Another argument in favor of such a merger would be the likely expansion of public involvement in the political process. One can envision scenarios in which unilateral attempts at expansion by either political party, absent the merger, would fail. Public involvement in the political process has been static or declining for the past few decades. Both the Republican and Democratic Parties have operated roughly at their current scales for some years. Evidence such as this would suggest that neither political party would likely expand its political base any time soon in the absence of a merger.

A Republicratic Party would find the greatest growth opportunities among members of the public who have not previously participated in the political process or have been alienated by the petty nature of the competition previously exhibited by the two dominant parties. However, it is unlikely that the merged entity would find much success in seeking to attract members of the public already aligned with other parties, such as the Libertarian, Green or Socialist Workers.

The merging of political parties has been a common occurrence in U.S. history, primarily involving less dominant parties and occurring at the state level. For instance, the Massachusetts Green Party and the Rainbow Coalition Party last spring united their memberships into a single political entity. In 1998, the Oregon Green and Socialist Parties merged into the Pacific Green Party. In 1999, the D.C. Green and Statehood Parties became the D.C. Statehood Green Party.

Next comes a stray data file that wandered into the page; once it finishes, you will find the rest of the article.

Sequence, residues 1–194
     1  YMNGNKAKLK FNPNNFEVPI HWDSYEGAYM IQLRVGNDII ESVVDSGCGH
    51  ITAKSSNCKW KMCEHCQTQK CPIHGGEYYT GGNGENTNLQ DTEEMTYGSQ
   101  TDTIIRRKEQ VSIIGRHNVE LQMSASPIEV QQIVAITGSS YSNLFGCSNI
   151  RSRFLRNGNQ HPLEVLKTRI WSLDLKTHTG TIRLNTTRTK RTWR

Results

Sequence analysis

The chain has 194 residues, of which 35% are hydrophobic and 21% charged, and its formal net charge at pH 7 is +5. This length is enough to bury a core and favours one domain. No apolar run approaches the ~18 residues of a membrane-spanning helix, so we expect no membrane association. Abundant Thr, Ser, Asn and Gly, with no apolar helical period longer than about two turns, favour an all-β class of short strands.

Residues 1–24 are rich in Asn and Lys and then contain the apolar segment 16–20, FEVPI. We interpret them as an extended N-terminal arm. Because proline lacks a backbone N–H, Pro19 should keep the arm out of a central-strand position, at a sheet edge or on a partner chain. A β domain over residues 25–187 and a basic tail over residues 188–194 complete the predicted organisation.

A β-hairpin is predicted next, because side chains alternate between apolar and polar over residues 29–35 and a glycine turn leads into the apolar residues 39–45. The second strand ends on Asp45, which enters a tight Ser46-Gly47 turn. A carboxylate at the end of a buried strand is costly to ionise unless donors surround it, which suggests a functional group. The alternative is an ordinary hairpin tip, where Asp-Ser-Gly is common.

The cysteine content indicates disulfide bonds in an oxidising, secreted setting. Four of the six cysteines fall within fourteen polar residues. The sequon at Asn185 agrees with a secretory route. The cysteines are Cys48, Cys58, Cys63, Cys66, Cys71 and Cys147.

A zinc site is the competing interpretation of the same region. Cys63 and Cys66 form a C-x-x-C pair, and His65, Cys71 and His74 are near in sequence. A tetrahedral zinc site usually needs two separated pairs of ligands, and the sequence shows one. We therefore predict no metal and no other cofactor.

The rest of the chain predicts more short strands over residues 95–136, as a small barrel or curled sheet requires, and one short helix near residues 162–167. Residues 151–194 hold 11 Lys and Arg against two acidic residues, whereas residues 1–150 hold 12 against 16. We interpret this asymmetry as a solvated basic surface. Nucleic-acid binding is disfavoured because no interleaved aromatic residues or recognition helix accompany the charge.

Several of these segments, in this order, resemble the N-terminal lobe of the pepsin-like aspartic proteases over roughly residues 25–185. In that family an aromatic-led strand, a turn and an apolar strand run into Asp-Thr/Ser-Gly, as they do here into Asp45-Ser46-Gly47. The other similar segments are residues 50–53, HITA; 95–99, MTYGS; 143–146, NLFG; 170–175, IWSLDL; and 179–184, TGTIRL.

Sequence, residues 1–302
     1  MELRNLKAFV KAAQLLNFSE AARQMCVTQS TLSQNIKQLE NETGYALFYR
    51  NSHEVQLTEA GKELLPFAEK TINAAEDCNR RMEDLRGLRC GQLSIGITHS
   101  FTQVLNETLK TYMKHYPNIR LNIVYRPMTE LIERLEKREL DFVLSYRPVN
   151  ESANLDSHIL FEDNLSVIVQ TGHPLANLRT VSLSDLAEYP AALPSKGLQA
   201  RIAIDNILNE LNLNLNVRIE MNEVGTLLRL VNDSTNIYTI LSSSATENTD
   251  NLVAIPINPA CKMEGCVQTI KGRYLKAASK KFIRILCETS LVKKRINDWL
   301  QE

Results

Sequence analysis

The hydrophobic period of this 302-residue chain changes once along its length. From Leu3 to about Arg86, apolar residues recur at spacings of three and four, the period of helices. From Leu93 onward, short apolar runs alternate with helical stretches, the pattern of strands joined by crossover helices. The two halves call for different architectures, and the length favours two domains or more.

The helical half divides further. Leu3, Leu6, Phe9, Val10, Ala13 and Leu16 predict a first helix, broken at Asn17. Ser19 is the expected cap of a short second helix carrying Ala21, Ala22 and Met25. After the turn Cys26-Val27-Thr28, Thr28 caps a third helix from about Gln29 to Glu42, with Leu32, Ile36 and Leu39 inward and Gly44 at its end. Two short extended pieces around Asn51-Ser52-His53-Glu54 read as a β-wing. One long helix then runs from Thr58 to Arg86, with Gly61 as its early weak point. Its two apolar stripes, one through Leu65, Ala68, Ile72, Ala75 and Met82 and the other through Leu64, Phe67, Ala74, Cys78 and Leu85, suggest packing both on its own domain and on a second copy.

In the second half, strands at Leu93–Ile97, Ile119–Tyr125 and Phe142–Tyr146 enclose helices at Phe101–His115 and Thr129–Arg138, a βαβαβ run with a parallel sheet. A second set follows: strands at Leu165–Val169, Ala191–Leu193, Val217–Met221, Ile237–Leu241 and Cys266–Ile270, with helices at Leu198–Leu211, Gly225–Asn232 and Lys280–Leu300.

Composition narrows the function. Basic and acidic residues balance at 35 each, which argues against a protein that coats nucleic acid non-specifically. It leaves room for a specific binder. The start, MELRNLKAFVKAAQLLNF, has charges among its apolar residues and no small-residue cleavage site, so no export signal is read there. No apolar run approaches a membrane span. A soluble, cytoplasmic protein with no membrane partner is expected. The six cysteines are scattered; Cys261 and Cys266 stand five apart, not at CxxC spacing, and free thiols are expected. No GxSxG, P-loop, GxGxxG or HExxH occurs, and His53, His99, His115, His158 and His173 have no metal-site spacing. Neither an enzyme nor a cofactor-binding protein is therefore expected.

In response to the Massachusetts Green Party merger, Ben Manski, a member of the steering committee of the Green Party of the United States noted: “The Green Party isn’t only growing through the incremental process of persuading and registering new members, one by one.” The Republican and Democratic parties could enjoy similar growth through a merger, instead of relying solely on time-consuming efforts at the grass-roots level.

Political party mergers also are more common in parliamentary systems where the number of seats that a particular party holds determines which party controls the government. In Britain, the third-largest party is the Liberal Democrats, established in the late 1980s by the merger between the Liberal Party and part of the Social Democratic Party.

But there is no reason why such a merger would not produce great benefits in the U.S. political system. A merger would enhance the Republican and Democratic parties’ ability and incentive to compete, which would result in lower costs for campaign contributors, improved quality for party loyalists and enhanced service to the American people.

The new super-party would sell an ideology vastly different than any of its competitors, forcing the Republicrats to work harder at clearly articulating their message. Under the current system, in which the Republicans and Democrats are dominant, debate between the two tends to be over the nuances of an issue on which members of both parties generally agree. Debate between the two parties also often is limited to superficial issues typically related to image rather than the substance of each party’s position on issues.

If administered properly by regulators at the FEC, the creation of a Republicratic Party would generate enough benefits to counteract any adverse effects from the loss of a political party. Most important, a merger of the Republicans with the Democrats would offer a clear vision to the American people on where the party stands and, based on the provisions in a settlement agreement approved by the FEC, the merger would ease entry into the political process by other parties, creating a new and vibrant era of competition in American politics.

MARK HAND is editor of He can be reached at


Mark Hand is a reporter who primarily covers environmental and energy issues. He can be found on Twitter @MarkFHand.